Don’t doubt that the major corporates are still tax avoiding for all it’s worth

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Bloomberg have produced another of Jesse Drucker’s stunning reports on tax avoidance in the last couple of days.

This one is wholly US focussed, but has a strong offshore element and a much broader appeal than the US market because it shows two key things. First that business is still demanding tax favours, even when not due. Second, it shows that old hands in the game like KPMG are still well and truly active.

I’m not going to in any way summarise the arguments in an important article. Just a few extracts:

At the White House on Dec. 15, business executives asked President Obama for a tax holiday that would help them tap more than $1 trillion of offshore earnings, much of it sitting in island tax havens.

The money -- including hundreds of billions in profits that U.S. companies attribute to overseas subsidiaries to avoid taxes -- is supposed to be taxed at up to 35 percent when it’s brought home, or “repatriated.” Executives including John T. Chambers of Cisco Systems Inc. say a tax break would return a flood of cash and boost the economy.

But as Drucker notes later:

The argument that a new tax break for offshore earnings would generate a domestic stimulus “holds no water at all,” said Joel B. Slemrod, an economics professor at the University of Michigan’s school of business and former senior tax economist for President Reagan’s Council of Economic Advisers. U.S. companies are already sitting on a record pile of cash -- $1.9 trillion in liquid assets, according to Federal Reserve data.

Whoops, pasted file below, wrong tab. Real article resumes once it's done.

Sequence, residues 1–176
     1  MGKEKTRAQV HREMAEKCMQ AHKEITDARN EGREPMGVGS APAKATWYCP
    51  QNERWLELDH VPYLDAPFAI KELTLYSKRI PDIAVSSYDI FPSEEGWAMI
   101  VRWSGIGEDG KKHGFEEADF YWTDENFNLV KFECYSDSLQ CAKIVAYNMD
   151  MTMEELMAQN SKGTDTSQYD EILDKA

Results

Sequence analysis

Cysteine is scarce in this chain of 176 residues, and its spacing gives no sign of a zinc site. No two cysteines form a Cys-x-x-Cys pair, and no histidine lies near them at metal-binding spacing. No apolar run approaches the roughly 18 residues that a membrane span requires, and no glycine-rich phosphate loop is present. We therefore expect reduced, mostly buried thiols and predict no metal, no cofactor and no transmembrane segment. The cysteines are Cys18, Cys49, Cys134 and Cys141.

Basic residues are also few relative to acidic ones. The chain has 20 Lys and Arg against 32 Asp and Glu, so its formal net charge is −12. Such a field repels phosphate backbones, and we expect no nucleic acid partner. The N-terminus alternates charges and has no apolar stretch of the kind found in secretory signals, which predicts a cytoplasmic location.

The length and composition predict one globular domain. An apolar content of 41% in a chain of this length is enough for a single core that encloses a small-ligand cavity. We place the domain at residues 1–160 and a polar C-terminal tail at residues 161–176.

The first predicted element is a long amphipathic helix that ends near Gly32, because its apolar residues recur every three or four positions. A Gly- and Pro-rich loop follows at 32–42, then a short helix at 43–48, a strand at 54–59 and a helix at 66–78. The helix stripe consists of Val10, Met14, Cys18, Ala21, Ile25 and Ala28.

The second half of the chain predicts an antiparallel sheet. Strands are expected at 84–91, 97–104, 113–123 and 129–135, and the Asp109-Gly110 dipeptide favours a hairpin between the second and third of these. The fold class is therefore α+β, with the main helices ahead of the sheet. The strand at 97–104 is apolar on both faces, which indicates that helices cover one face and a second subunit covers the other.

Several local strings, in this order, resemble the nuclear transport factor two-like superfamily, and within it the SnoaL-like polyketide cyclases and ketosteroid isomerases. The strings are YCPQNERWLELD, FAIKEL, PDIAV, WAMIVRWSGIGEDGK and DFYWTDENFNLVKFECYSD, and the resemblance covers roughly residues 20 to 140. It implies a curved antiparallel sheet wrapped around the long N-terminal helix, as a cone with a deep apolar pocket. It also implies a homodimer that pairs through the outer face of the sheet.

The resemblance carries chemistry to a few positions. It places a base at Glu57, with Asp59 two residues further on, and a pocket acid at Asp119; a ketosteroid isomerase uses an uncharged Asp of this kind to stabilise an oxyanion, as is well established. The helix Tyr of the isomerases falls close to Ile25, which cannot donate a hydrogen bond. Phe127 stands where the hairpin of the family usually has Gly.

“The fact that they have these cash hoards suggests that investment is not being constrained by lack of cash,” Slemrod said.

I am convinced that is true. So what is this about?:

The tax benefits from such profit shifting can have a greater impact on share price than boosting sales or cutting other expenses, since the reduced rate goes straight to the bottom line, said John P. Kennedy, a partner at Deloitte Tax LLP, speaking at the conference in Philadelphia Nov. 3.

In other words, tax avoidance is about aggressively boosting earnings in the short term — and as I have long argued, that’s linked to executive options:

“You may think two bucks isn’t much, but when you’re the CFO and she has 100,000 options, that’s pretty interesting,” [Kennedy] said. He cited large pharmaceutical and biotech companies, including Merck, Amgen Inc. and Eli Lilly, which have reported effective income tax rates at least 10 percentage points below the statutory 35 percent rate.

This link has to be broken. It’ a vital policy issue.

But there’s also the issue of the sheer waste of this whole industry. The description of what KPMG is up to is detailed, and will I suspect to many be deeply unattractive however legal it might be. To quote Drucker again:

“Some of the best minds in the country are spent all day, every day, wheedling nickels and dimes out of the tax system,” said H. David Rosenbloom, an attorney at Caplin & Drysdale in Washington, D.C., and director of the international tax program at New York University’s school of law.

Let’s not pretend the tax avoidance game has stopped: it hasn’t. It’s real, and it costs the rest of us money by shifting the burdens of tax onto those least able to pay. And that’s why it is wrong.